El Paso, Texas (my hometown) features in the news frequently nowadays because of the migrant crisis and the administration’s desire to build a wall on the border between the United States and Mexico. The border, which lies along the Rio Grande, separates a large urban area into two cities: El Paso in the US and Juárez, in Mexico. But people have long travelled across the border, as this early-twentieth-century postcard demonstrates: a streetcar rides the El Paso & Juárez Streetcar Line from downtown Juárez, over the international bridge, and down El Paso Street to downtown El Paso. My professor sent me this postcard last year as a graduation gift and I decided to find the modern version. However, it was more difficult than I thought without institutional access to research resources. This is the story of how I did unconventional historical research.
By Clemency Hinton (@clemencyhinton)
Have you ever left an online review after dining at a café or staying in a hotel? What about after a visiting a museum or a local heritage site? You probably left your comment for the benefit of future visitors or to get the attention of management, but that review may have had unintended consequences. Although you not have known it, your opinions could be creating valuable digital sources for the historians of tomorrow.[i]
It might feel like websites such as Google Reviews, TripAdvisor and HotelWorld are a pretty new phenomenon. Certainly, online reviews are a product of the twenty-first century. But as consumers, we humans have been recording our opinions on recreational experiences for a long time. The best historic example of this is the visitor’s (or guest) book. Typically identified by its leather cover, heavy pages, or dusty appearance, this thick tome sitting in the corner of a museum room or end of the gallery corridor should not be overlooked. Though some visitor’s books may only elicit a signature, akin to ‘X was here,’ most are filled with colourful and reflective feedback. Even the briefest of autographs can open intriguing avenues of research, whether exploring the nature of the ink to the style of the handwriting.[ii]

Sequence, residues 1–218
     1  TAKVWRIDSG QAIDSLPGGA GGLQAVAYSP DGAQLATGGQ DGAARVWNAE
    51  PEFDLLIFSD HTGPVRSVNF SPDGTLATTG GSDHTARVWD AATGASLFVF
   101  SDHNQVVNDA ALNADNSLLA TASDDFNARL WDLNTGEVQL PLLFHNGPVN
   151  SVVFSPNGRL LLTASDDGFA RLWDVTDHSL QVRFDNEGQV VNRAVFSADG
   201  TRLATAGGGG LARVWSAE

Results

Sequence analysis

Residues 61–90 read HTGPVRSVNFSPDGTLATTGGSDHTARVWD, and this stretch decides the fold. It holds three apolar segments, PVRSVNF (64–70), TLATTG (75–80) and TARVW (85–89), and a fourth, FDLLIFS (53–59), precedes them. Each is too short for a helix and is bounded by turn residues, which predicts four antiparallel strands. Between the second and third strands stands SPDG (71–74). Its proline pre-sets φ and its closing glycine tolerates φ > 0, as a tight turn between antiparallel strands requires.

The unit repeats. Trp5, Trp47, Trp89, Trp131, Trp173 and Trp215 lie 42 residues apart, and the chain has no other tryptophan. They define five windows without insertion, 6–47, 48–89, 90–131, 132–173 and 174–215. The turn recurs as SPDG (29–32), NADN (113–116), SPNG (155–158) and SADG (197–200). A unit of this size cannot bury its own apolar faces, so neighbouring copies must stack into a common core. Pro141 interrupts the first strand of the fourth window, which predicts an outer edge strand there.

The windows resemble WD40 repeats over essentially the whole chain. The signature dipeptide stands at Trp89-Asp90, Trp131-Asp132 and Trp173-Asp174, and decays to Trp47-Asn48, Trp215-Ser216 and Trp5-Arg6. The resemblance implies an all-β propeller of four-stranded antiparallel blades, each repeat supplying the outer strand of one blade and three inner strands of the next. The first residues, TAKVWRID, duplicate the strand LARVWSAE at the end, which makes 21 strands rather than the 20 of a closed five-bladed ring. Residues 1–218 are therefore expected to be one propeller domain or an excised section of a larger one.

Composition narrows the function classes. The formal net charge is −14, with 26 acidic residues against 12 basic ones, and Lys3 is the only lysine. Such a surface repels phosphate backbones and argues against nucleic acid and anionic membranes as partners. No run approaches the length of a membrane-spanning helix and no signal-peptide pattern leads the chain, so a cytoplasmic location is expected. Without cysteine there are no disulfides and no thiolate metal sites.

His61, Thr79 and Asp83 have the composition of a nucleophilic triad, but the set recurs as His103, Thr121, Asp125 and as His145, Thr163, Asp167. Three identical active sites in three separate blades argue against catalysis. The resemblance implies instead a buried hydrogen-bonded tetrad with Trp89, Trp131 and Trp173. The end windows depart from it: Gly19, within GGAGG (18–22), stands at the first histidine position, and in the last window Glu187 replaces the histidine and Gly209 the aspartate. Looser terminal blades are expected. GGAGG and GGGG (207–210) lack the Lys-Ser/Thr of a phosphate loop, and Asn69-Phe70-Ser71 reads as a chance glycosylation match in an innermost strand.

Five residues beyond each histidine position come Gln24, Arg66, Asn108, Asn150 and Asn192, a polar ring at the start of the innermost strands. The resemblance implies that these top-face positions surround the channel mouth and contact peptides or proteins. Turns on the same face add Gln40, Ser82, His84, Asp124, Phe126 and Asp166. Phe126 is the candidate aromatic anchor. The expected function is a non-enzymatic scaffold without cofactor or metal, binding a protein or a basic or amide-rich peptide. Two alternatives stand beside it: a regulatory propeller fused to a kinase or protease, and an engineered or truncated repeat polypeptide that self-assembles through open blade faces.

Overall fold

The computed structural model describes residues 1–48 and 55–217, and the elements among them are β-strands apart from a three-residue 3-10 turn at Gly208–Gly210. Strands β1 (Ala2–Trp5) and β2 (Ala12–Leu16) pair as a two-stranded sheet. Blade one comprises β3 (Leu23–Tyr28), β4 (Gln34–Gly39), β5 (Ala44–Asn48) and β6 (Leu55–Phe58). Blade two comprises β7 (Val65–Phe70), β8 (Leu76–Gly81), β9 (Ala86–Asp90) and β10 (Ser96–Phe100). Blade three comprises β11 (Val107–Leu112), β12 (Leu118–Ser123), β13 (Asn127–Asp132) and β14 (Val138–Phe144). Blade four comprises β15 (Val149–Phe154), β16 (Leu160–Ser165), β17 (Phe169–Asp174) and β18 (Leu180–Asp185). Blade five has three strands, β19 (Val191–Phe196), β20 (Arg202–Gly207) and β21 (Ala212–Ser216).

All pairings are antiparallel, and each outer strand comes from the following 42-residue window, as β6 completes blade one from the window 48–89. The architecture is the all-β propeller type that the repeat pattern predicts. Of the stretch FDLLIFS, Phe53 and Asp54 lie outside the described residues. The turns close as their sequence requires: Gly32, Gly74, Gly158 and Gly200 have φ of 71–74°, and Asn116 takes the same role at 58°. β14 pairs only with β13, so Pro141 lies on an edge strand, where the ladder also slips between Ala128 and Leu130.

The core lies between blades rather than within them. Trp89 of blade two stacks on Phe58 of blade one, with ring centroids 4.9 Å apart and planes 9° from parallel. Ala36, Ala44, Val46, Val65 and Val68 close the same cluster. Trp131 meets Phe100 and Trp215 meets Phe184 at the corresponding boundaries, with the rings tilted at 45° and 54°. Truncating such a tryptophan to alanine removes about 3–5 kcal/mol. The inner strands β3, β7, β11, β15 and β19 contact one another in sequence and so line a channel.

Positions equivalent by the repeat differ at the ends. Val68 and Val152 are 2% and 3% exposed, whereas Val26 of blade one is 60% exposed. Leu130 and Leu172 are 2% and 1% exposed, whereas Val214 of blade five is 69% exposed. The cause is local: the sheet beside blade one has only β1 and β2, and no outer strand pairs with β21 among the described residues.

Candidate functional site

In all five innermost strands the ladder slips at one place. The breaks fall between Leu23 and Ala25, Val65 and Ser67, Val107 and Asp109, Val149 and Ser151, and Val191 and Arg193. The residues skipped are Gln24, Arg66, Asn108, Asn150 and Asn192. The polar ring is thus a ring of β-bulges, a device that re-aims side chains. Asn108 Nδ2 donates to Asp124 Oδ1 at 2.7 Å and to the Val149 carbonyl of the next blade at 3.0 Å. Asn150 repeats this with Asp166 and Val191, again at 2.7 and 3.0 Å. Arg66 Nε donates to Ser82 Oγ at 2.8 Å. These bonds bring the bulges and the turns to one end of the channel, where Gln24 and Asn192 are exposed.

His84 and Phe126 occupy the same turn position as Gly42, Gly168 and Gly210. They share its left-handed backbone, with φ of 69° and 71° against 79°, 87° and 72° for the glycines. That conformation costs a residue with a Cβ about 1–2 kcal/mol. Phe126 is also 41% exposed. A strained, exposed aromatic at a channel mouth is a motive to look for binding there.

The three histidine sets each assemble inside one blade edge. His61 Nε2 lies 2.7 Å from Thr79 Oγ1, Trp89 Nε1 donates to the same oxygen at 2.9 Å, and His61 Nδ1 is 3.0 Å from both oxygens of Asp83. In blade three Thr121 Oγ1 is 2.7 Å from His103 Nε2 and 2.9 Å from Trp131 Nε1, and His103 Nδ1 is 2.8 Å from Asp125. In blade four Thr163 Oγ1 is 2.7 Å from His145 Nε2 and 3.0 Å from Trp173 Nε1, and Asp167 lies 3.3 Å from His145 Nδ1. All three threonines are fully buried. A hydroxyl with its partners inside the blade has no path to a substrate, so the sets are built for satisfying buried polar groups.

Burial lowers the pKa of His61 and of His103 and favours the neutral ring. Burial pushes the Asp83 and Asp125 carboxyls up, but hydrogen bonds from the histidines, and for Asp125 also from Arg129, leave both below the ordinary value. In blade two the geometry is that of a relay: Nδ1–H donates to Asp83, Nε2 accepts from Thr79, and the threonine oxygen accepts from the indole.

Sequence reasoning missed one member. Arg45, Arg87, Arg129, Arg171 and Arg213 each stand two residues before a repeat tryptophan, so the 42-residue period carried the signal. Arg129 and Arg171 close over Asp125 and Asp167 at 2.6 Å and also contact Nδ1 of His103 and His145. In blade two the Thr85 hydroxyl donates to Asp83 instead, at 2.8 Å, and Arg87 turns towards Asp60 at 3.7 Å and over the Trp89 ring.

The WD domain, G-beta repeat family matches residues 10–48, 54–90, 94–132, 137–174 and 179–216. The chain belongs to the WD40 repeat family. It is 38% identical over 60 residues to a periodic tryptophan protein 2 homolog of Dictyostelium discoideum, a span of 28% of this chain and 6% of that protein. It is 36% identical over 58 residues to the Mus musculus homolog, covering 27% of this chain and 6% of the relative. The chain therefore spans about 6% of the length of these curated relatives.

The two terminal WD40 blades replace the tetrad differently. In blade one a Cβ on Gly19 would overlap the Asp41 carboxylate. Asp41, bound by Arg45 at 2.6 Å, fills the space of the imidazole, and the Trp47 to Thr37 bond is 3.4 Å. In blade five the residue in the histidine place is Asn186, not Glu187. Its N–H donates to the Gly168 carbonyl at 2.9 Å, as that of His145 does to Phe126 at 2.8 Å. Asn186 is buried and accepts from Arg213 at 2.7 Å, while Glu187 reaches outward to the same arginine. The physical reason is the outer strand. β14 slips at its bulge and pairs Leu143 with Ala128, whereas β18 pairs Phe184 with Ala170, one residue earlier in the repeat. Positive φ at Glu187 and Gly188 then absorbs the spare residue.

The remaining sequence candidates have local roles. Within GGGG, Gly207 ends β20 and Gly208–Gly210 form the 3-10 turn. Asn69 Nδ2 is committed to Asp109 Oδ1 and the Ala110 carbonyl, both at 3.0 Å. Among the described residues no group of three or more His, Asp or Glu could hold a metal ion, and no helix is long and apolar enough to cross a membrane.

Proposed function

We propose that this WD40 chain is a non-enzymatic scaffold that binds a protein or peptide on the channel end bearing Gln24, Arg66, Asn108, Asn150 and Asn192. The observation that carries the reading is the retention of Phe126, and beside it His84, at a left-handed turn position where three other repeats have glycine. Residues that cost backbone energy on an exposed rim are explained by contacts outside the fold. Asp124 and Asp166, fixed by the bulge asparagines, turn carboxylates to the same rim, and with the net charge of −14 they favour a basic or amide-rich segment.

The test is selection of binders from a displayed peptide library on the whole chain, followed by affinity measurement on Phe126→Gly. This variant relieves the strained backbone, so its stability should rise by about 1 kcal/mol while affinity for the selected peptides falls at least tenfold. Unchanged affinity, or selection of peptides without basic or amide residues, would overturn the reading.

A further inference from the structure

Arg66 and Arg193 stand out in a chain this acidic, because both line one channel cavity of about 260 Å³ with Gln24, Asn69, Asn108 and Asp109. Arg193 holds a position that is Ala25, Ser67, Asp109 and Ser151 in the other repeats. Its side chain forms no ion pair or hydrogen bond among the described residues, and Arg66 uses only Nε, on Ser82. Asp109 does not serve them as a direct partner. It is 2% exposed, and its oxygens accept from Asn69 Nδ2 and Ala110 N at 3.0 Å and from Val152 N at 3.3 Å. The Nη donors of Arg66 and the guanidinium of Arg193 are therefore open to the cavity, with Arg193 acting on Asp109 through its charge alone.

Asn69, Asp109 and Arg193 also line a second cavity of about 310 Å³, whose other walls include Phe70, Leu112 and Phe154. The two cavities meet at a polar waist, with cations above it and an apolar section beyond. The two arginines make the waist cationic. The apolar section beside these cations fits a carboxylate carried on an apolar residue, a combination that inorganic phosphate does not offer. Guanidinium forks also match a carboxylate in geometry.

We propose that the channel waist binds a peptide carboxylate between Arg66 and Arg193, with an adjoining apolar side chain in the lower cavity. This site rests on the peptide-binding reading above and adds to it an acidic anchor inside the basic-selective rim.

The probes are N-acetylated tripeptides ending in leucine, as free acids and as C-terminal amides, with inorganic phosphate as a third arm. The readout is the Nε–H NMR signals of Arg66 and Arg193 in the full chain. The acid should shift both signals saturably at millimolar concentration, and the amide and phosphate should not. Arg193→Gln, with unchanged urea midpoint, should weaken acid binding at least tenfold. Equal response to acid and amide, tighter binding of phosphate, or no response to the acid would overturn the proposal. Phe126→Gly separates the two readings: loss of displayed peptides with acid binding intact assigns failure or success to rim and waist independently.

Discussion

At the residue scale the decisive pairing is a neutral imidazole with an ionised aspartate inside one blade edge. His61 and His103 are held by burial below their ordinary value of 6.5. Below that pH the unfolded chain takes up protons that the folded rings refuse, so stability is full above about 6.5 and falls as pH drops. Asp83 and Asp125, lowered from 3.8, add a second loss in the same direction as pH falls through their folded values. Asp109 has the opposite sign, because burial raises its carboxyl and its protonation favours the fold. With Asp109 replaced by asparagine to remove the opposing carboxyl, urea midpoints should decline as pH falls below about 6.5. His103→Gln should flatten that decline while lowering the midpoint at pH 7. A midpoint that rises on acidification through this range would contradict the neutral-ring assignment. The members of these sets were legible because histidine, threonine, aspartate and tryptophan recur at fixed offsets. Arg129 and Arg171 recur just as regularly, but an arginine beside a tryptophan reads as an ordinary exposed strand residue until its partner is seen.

By Laura Flannigan (@LFlannigan17)
The vast archives produced by the English legal system are some of our most valuable materials for legal, political, social, and family histories. Issuing from national and local courts, from common, ecclesiastical, and equitable jurisdictions, and covering civil and criminal law, they offer a window into the lives of ordinary people and the principles that governed their societies. Yet to the first-time researcher – and even to more experienced scholars – they can seem idiosyncratic, impenetrable, and daunting. As someone who is still on the steep learning curve that comes with reading these records, I have put together some basic advice for those new to working with them.
PhD students Eleanor Barnett (@eleanorrbarnett), Trina Moseley (@trina_moseley) and Lewis Defrates (@lewisdefrates) talk to Doing History in Public about their experiences running sessions with primary school children for the Faculty of History’s History for Schools programme.
What was your History for Schools session about and how does it link with your research?
Eleanor and Trina: Our History for Schools session was called ‘Hungry Historians: A Delicious and Disgusting Journey Through Time’. We used our combined research interests in early modern (Italian and English) and modern (British) food history to teach about how flavours and ingredients have changed over time. We tried to have as many hands-on activities as possible, including opportunities to taste historical sweets and cakes! You can find out more about our session on the Cambridge Body and Food Histories Group blog.
Lewis: My session was on the first visit of Buffalo Bill’s Wild West to London in 1887. More broadly, my research concerns the movement of a variety of cultural actors and performers from the United States to Britain between 1880 and 1914 and differing conceptions of ‘Americanness’ that travel and performance enabled these figures to formulate, but this was a great chance to focus on one particular instance of travel and explore what it would have shown British audiences about ‘America’ in the late nineteenth century.
By Dr Marta Musso (@martamusso)